5. Free-movement changes. Possibly stricter border controls, implementation of working visas, passports enforcement for Europeans travelling to Britain (at the moment most Europeans travel without a passport throughout the European Union).
So how to move forward? Whilst the premise of the referendum, like Pig-Gate, seemed to arise from an old Tory bet, and the final decision decidedly swayed by heavy media influence, the fact remains that we live and believe in a democracy, so will have to accept the decision of the mass and simply move forward. But it's not all Lay Back And Think Of England; if Sentiment Change turns out to hold gravitas, then akin to the foundations of cognitive behavioural therapy, one could argue overthinking could be used in a positive way as well as a negative one. But for that we'll need both sides of the media battleground to unite in responsible, tangible affirmation of our collective future. Which isn't that far-fetched, because ironically, in the lead up to the referendum, media bias on both sides played fundamental roles in advising the general public to vote in favour of exactly the same directives; equality and progression. Remain promoted unity through 'togetherness’, ‘compassion’ and the 'threat of those in power making decisions on our behalf', and the Leave camp promoted unity through ‘pride’, ‘duty’ and the 'threat of those in power making decisions on our behalf'.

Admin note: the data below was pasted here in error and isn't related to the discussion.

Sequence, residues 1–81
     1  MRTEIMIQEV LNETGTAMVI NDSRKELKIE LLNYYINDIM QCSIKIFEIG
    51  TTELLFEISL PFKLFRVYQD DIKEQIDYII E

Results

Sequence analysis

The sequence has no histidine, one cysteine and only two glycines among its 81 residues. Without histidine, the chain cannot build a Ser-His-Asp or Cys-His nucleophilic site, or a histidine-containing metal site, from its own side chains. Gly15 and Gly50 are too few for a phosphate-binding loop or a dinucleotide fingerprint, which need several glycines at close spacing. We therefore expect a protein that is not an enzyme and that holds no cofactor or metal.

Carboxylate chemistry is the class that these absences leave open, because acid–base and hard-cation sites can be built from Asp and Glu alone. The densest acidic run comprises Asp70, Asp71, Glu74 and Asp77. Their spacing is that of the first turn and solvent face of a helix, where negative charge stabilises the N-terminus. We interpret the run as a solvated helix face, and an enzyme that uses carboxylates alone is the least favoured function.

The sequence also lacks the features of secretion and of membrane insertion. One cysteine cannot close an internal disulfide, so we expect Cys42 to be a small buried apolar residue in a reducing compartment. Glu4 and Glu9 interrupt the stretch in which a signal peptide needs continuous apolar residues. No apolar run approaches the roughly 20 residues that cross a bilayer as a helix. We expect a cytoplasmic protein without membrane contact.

Although, ironically, the decision on which powerhouse we wanted to be governed by had already been influenced by those behind the powerhouses themselves; a palpable surge in faceless journalists peddling more riling, emotive and unhelpful articles, and the supposedly-informed bleating on about whether party representatives were vocalising their own decisions or not (again, neither offering deeply needed possible outcome scenarios), the fact remains that a) an incredible number of people were impassioned enough to vote, b) we held a referendum and the people spoke, and c) the media was incredibly influential in mass Sentiment Change, and could be again, although this time toward fact and balanced opinion. Yes They Could.
Perhaps most significantly, we are as a populace taking increasing areas of power back for ourselves, so at the moment it seems the media could once again become a reflection of public viewpoint, rather than a tactical distraction or swayer of opinion. Either way, knowledge really is the highest power, so if we move together in remaining as politically engaged as we are now, we won't have to rely on simply our hearts to make decisions that also require the balance and critique of our level heads.